SEA LIFE IN THE PHILIPPINES; WHALE SHARKS, SEA SHELLS, CORAL AND DYNAMITE FISHING

CORAL REEFS AND FISH IN THE PHILIPPINES

Compared to many other countries, "the diversity of the Philippine coral reefs is still quite in the upper level.” About 500 coral species are found in the Philippines. Of the eight species of marine turtles worldwide, five are reported to be found in Philippine waters: the Green Turtle, Hawkbill, Leatherback, Olive Ridley, and Loggerhead. A French-led research team identified some 1,200 different species of crabs and shrimps and around 6,000 mollusk species in the waters off Panglao, many of them not previously known to science, in the Bohol Sea. Together the Philippines and Indonesia embrace 21,000 islands and nearly one-fifth of the world's coral reefs and 77 percent of the Southeast Asia’s 100,000 square kilometers of coral reefs.

The marine environments around the Philippines are incredibly diverse. The world's second deepest spot underwater is in the Philippines. This spot, about 34,440 feet (10,497 meters) below the sea level, is known as the Philippine Deep or the Mindanao Trench. The Philippine Deep is in the floor of the Philippine Sea. The German ship Emden first plumbed the trench in 1927.

Thirty-four kinds of endemic fish are found in Philippine reefs. The fish include the aptly named psychedelic fish. The most mangrove species in the world and the most bio-diverse reef systems are found in Philippine waters. The Philippines is the only place in the world with glass sponges, which have remained virtually unchanged for 375 million years.

The largest fish in the world, the whale shark, locally known as Butanding, regularly swims in the Philippine waters. The world’s shortest and lightest freshwater fish is the dwarf pygmy goby (Pandaka Pygmaea), a colorless and nearly transparent species found in the streams and lakes of Luzon. Males have an average length of 8.7 mm. and weigh 4-5 mg. Groupers have been dangerously overfished in the Philippines. The Philippines has established reserves for fish.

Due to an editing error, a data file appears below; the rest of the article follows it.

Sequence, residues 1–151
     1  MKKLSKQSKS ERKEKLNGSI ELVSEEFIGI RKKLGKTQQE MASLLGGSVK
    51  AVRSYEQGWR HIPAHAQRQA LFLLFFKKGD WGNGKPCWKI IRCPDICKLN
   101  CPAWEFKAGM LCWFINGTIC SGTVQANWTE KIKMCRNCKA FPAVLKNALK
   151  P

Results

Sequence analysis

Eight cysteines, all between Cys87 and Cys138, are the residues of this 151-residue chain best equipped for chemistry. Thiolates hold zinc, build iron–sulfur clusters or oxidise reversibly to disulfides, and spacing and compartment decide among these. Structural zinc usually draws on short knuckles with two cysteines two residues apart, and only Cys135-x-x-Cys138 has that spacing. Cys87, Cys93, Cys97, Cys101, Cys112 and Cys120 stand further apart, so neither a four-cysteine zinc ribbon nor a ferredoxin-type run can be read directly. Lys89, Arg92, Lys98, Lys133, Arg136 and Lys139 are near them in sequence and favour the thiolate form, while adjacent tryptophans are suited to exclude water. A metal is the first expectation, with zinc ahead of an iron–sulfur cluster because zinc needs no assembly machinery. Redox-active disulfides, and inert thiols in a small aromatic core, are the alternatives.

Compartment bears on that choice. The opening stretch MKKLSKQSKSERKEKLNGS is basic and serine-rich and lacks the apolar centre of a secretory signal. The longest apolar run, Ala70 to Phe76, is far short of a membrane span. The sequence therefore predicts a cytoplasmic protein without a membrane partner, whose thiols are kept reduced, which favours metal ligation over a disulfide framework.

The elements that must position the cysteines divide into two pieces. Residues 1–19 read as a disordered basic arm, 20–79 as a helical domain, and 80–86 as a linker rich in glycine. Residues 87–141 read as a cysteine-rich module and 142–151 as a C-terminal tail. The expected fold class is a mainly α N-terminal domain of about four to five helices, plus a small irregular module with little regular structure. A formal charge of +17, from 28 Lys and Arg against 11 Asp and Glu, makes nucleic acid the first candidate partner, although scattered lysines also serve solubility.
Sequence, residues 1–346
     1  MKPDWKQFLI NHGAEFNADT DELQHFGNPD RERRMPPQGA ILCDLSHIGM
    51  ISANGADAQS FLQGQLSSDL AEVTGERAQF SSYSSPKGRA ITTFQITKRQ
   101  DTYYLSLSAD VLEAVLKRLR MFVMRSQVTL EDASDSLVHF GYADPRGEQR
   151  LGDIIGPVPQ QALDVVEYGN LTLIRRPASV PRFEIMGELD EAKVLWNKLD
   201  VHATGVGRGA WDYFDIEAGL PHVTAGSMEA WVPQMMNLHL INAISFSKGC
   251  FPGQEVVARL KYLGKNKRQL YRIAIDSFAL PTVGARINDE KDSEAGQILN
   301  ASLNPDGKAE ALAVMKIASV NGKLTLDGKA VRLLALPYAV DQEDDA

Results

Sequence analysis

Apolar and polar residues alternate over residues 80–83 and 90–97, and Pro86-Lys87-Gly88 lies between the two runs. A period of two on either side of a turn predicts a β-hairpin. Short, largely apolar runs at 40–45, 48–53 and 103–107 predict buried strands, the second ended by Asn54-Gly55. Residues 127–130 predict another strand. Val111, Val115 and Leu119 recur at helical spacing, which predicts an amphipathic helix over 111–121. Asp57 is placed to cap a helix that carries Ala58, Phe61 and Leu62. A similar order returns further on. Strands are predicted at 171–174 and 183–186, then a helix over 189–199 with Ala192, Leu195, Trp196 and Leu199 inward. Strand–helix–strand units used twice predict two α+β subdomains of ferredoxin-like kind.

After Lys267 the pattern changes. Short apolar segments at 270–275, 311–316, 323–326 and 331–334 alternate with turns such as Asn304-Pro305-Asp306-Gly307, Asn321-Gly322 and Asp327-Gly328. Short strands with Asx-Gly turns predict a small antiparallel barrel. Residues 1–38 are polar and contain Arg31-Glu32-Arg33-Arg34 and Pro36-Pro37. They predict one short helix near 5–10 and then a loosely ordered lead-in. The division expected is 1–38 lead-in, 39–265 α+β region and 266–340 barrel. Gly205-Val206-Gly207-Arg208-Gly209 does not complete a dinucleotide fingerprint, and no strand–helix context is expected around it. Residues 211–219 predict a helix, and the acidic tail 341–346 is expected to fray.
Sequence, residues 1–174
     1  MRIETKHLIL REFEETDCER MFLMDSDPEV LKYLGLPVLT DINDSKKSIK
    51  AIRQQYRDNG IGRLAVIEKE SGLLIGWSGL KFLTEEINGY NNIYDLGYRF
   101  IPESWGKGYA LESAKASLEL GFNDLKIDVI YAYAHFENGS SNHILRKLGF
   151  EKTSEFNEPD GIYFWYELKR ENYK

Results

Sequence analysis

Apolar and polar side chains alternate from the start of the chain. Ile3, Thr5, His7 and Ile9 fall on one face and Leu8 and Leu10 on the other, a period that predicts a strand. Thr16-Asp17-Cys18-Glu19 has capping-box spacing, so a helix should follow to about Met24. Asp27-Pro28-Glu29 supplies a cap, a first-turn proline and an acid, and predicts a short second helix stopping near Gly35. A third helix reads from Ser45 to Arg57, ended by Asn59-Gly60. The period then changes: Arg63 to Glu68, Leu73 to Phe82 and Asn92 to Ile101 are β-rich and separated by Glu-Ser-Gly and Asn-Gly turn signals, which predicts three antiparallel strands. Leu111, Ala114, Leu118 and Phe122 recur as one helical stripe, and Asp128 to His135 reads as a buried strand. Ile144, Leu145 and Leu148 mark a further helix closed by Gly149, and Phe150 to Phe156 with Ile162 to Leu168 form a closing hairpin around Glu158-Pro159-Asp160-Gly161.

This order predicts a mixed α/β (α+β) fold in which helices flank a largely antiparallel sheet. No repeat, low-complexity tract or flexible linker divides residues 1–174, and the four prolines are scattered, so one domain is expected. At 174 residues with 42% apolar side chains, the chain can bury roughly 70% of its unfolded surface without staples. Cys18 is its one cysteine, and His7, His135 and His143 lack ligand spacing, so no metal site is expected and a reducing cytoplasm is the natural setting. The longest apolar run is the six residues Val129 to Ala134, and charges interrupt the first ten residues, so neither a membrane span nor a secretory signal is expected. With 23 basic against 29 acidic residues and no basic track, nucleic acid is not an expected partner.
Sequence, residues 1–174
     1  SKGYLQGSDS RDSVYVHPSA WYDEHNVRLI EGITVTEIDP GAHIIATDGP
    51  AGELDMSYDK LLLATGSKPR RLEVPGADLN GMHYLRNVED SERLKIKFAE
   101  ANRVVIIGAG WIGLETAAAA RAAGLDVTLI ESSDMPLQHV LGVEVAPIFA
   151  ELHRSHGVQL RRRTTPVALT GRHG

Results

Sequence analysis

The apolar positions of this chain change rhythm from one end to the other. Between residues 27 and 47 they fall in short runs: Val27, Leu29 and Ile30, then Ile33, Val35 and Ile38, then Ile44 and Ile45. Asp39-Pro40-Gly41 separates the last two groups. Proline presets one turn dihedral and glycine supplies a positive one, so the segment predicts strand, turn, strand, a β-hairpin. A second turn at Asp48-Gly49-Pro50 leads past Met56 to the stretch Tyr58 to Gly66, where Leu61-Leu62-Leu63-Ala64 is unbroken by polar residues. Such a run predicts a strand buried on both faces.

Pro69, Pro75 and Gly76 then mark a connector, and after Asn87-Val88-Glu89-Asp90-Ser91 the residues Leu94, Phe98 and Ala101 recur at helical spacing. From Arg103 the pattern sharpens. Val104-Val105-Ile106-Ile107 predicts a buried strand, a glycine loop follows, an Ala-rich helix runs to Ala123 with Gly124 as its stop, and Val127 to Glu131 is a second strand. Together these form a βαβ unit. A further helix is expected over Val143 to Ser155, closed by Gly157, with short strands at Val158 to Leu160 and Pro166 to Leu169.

Coral Triangle

The Coral Triangle is a marine region that spans parts of Indonesia, Malaysia, Papua New Guinea, the Philippines, the Solomon Islands and Timor-Leste with at least 500 species of reef-building corals. Seventy-six percent (605) of the world’s coral species (798) are found in the Coral Triangle, the highest coral diversity in the world. The Coral Triangle has 15 regionally endemic coral species (species found nowhere else in the world), and shares 41 regional endemic species with Asia. Certain neighbouring countries, including Australia and Fiji, contain rich coral biodiversity as well, but with somewhat lower numbers. [Source: WWF]

The Coral Triangle encompasses portions of 2 biogeographic regions: the Indonesian-Philippines Region, and the Far Southwestern Pacific Region. The epicenter of that coral diversity is found in the Bird’s Head Peninsula of Indonesian Papua, which hosts 574 species (95 percent of the Coral Triangle, and 72 percent of the world’s total). Within the Bird’s Head Peninsula, the Raja Ampat archipelago is the world’s coral diversity bull’s eye with 553 species.